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Currently at Hotwire, when developing new mobile features, the business logic and UI is written separately for the Android and iOS app. This is especially time-consuming when developing features that have a lot of overlap. Not only does this take more development time, but also both platforms end up having their own bugs. We felt that it was an interesting time to try out a cross-development tool to build features in a more unified way. One of the promising tools we decided to try out is React Native, a mobile, JavaScript Framework. In this post, I will be discussing the basics and advantages of React Native. In Part 2, I will be going into more detail regarding integrating React Native with our existing app.


What separates React Native from other mobile frameworks is that React Native can create a truly native app experience. First, a node server loads the JavaScript Bundle, which is parsed to define the components. Then, these components that one defines in JavaScript are compiled down to platform-specific widgets to maintain proper native design.

React Paradigm

React Native is based on the React paradigm, which allows one to create components and define its state to handle different actions. For example, rather than writing unnecessary if-else conditions with button click-handlers, one can simply modify a component’s state and therefore the way it is rendered as so:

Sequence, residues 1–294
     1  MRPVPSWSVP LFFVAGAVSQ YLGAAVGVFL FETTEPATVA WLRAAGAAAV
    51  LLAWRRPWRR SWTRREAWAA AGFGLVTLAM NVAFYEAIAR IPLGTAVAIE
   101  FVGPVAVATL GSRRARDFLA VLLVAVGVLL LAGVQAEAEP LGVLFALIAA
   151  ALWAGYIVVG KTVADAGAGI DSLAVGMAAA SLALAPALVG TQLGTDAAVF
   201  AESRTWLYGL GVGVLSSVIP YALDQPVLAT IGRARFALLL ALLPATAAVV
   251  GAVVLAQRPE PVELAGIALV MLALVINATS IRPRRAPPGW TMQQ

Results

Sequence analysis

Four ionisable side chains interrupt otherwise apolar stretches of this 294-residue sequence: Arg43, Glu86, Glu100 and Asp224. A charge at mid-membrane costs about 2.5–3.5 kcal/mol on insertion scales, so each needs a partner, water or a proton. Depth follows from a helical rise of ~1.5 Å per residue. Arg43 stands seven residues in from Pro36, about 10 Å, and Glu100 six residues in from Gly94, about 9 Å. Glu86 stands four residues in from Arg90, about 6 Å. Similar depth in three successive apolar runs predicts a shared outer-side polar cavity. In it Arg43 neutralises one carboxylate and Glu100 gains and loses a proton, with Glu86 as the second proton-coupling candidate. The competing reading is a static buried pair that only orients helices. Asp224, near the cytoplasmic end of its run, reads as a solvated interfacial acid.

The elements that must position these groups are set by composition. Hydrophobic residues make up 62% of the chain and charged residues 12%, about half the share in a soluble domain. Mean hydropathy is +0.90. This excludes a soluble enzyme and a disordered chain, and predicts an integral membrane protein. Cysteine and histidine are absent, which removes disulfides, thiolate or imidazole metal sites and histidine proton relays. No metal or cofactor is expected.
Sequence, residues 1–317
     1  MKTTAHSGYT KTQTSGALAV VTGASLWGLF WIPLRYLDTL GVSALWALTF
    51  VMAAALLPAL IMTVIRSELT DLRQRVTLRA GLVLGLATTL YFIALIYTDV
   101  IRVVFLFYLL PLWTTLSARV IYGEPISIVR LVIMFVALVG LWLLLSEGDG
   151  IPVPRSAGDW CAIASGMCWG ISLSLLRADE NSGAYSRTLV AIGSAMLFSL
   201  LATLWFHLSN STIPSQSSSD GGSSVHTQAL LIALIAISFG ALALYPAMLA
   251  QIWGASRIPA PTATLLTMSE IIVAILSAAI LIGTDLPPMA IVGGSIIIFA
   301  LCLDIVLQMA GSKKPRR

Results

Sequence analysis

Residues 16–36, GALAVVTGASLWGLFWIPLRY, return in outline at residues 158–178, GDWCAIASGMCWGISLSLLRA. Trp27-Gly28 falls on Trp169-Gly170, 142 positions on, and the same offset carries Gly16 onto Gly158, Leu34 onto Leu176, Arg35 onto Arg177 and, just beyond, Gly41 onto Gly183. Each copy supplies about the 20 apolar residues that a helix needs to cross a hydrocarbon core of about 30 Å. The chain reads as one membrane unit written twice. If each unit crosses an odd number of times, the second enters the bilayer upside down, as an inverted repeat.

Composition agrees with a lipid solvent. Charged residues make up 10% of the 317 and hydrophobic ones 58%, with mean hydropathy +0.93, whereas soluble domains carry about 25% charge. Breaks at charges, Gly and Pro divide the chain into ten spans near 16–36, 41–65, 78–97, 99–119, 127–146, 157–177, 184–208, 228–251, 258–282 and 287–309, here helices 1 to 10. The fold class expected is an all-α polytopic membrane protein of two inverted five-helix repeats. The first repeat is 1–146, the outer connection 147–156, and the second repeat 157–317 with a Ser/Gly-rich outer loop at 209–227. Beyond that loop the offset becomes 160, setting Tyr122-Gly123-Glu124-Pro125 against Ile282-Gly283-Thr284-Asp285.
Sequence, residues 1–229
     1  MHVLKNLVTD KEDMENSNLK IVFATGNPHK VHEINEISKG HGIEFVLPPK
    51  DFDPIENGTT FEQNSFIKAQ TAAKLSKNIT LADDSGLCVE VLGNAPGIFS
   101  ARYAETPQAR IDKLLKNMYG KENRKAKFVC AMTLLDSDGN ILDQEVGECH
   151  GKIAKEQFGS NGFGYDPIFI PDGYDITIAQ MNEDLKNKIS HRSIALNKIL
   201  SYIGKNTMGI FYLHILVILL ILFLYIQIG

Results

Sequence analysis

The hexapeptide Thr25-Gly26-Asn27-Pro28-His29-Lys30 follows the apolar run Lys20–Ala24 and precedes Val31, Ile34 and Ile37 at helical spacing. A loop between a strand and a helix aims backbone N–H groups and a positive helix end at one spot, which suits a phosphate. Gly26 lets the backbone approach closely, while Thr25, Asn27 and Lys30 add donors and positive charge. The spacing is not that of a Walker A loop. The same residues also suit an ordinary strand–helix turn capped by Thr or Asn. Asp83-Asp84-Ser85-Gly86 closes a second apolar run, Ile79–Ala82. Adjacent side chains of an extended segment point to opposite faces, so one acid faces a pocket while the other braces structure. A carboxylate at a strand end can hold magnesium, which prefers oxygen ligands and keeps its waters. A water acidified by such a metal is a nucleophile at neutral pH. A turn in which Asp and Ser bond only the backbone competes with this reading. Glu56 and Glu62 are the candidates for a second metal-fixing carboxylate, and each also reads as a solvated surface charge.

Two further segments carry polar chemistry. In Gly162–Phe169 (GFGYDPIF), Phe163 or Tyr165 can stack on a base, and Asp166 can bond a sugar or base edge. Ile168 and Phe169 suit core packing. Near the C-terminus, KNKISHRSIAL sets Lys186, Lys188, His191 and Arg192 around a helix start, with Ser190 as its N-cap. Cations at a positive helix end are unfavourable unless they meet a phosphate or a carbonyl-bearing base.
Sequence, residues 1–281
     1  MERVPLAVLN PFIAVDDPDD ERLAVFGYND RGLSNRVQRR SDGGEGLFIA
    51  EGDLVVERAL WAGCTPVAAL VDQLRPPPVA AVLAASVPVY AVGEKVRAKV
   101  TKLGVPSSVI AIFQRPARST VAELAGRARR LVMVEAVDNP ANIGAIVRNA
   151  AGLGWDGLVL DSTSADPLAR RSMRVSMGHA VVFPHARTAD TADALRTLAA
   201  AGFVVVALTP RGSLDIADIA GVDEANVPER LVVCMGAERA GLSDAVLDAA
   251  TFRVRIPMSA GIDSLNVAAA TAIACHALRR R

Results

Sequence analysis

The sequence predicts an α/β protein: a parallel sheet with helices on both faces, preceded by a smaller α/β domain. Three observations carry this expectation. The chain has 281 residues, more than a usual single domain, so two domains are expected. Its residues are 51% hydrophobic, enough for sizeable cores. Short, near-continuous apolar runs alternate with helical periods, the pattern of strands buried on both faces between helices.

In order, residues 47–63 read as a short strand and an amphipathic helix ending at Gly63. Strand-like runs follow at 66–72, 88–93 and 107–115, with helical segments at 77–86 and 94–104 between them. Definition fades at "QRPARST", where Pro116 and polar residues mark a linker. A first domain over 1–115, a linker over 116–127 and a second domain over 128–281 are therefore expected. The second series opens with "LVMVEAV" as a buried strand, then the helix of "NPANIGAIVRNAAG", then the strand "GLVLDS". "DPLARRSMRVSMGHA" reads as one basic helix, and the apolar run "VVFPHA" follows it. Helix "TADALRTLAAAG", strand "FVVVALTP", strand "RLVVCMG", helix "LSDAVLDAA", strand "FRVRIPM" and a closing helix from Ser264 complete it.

<Text style={ this.state.pressStatus? 
styles.buttonTextPress : styles.buttonText }>
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UI Design

Android and iOS can maintain the same design or they can be separated into different files with their own styles. Customizing these views is very easy, as each rendered component can map to a style, which is defined in a familiar css-like style. The biggest advantage with UI changes when developing is that one no longer has to recompile and rerun the entire app to see changes. By turning on hot reloading or simply clicking ⌘ r, viewing changes is quick as reloading a webpage.

buttonText: {
 fontSize: 17,
 color: 'rgb(0, 188, 242)',
 alignSelf: 'center',
 fontFamily: 'Lato-Semibold'


Leveraging Native Modules

Possibly the biggest advantage in React Native is that one is still able to make calls to Android/iOS specific functions and create modules that would be complicated, require multithreaded code or call a corresponding Native Module that React Native has not abstracted yet. For example, displaying a native popup to log the user in the iOS app and sending a dictionary back to the JavaScript side:

NativeLoginModule.showLoginPopup((err,response) => {
 userLoggedIn: true,
return response;


Here, showLoginPopup() calls a native module and can handle any responses/error on the Javascript side. For more details, check out Part 2.


React Native definitely looks promising and handles mobile development in a convenient way while still abiding to native principles. Check out the next post to learn more about how to integrate React Native with your existing native app.